India: Sealdah Express collision kills more than 200
The bodies of 205 victims of the Sealdah Express train crash have now been removed from the wreckage. Reports suggest that a further 10 are likely to be recovered.
The crash occurred on Thursday at about 3:35 a.m. (2205 GMT on Wednesday) when the Ambala-bound Sealdah Express struck derailed coaches of the Frontier Golden Mail near Kauri village. Kauri is situated in the Punjab about 150 miles northwest of New Delhi.
Acoupling between two coaches of the Frontier Mail had broken, derailing the train. Two minutes later, the Sealdah Express, travelling in the opposite direction, on another track crashed into the derailed carriages. Both trains are thought to have been carrying aroung 1,700 people. Most of the deaths occurred in the first four carriages of the express.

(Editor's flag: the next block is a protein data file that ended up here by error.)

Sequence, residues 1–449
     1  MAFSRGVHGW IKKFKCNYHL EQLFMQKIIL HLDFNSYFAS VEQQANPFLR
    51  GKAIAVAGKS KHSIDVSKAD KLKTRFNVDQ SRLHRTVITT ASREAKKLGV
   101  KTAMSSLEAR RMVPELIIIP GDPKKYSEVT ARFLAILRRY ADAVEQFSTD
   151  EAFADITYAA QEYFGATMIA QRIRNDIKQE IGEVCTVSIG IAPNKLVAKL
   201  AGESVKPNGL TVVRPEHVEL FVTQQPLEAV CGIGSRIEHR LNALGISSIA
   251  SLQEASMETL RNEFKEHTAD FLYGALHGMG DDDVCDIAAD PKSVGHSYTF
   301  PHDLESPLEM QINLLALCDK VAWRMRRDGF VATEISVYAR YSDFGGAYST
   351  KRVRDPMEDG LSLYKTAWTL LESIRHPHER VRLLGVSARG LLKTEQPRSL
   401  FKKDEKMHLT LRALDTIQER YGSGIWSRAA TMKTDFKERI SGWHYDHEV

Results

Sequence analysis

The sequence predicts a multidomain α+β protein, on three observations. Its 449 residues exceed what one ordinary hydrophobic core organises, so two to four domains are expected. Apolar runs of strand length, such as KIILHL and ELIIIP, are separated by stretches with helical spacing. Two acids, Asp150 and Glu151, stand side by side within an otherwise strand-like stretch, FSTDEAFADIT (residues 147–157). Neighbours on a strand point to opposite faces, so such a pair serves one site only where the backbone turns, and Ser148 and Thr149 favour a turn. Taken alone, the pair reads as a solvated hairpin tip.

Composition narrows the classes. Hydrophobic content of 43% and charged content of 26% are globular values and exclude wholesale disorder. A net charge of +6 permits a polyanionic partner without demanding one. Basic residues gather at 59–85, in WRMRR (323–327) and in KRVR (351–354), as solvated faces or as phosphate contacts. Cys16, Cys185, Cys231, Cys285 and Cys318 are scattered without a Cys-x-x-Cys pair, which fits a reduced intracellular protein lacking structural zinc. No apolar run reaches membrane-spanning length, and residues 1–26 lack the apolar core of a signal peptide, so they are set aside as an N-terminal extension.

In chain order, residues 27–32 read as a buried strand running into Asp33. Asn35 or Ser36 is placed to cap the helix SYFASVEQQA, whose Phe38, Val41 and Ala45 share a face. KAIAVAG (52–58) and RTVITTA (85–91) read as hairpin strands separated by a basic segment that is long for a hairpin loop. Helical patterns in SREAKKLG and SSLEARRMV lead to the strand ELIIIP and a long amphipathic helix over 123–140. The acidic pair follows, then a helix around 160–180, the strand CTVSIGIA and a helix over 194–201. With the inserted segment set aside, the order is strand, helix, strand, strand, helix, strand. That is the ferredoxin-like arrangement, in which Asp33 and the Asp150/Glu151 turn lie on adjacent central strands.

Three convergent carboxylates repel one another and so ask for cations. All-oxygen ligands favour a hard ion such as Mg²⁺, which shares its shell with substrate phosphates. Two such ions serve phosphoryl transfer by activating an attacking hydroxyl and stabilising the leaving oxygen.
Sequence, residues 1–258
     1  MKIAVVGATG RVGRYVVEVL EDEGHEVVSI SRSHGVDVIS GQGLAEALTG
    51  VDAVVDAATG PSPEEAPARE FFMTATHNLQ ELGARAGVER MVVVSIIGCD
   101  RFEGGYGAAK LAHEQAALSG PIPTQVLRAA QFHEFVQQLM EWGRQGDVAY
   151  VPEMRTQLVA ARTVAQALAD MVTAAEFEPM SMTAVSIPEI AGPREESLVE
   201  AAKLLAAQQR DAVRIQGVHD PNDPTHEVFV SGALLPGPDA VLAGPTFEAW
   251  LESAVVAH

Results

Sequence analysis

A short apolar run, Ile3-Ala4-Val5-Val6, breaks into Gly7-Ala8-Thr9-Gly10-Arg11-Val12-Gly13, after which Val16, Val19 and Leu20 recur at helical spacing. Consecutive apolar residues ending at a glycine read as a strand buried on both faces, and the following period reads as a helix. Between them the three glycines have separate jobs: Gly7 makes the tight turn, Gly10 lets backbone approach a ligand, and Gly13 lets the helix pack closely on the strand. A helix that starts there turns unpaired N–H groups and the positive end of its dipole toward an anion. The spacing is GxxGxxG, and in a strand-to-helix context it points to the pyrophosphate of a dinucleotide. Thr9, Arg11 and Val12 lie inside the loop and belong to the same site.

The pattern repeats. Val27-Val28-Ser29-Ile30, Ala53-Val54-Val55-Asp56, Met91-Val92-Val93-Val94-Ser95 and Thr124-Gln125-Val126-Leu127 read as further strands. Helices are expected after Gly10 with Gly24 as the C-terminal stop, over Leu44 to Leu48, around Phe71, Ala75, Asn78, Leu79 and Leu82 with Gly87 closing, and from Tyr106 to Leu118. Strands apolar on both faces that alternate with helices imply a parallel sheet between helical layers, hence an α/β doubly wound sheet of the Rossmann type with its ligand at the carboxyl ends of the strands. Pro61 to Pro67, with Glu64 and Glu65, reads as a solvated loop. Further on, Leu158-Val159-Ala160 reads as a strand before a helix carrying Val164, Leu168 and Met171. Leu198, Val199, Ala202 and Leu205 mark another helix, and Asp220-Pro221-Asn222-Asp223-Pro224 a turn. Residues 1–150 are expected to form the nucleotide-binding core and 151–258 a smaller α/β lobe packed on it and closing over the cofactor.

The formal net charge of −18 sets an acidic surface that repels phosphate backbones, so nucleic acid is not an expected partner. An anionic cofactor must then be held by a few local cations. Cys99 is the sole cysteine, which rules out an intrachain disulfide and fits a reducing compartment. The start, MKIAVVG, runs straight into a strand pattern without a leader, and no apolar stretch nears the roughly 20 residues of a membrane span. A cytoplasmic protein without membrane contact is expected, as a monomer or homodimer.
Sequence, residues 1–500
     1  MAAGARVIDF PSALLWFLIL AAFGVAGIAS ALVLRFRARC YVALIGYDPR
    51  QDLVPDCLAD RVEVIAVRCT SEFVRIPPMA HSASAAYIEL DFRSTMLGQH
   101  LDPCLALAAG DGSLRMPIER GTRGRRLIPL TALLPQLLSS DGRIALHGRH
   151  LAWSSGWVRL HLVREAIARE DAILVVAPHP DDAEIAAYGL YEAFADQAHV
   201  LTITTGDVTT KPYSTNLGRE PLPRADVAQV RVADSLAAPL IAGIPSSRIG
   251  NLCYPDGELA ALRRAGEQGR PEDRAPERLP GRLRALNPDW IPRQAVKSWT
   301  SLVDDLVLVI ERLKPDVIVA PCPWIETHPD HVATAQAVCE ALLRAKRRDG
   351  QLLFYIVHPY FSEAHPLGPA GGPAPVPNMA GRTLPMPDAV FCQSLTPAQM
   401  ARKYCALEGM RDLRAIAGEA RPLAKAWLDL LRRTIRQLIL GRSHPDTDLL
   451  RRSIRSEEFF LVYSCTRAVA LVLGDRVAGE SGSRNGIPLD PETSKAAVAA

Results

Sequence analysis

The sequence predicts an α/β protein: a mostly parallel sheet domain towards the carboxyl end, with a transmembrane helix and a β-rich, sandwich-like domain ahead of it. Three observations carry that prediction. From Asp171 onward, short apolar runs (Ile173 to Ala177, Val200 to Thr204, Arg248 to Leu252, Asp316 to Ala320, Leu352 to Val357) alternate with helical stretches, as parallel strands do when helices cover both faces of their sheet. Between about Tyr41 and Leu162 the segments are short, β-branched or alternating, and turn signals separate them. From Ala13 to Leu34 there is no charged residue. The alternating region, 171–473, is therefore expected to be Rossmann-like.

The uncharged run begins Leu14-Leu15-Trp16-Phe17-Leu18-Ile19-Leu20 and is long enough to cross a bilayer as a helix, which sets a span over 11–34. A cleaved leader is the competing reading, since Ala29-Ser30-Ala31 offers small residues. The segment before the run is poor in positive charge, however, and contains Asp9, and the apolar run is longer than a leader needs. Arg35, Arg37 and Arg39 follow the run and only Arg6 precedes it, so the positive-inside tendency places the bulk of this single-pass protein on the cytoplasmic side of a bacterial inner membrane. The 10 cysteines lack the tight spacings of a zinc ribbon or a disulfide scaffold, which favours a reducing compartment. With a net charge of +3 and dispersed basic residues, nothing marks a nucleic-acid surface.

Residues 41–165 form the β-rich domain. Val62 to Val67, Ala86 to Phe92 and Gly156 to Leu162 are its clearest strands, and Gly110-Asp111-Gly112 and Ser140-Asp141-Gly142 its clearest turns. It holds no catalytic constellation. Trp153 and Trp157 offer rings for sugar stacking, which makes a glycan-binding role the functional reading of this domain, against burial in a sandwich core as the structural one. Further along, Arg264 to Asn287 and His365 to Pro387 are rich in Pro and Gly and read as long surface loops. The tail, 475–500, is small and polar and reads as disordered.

Some reports suggest that a railwayman had tried to warn the approaching express, but the train was too close to the derailment for his call to have any effect.
Indian Railways are the world's largest single rail undertaking operating about 14,000 trains each day. They offer the cheapest mode of transport in India and are hugely popular with an estimated 11 million passengers carried daily. Safety is not however of the highest order with around 300 accidents recorded each year. Many are blamed on outdated equipment and human error. Safety recommendations are frequently left unimplemented due to a lack of finance.
This accident is India's worst since 1995 when 358 people were killed in a collision between two trains near New Delhi.
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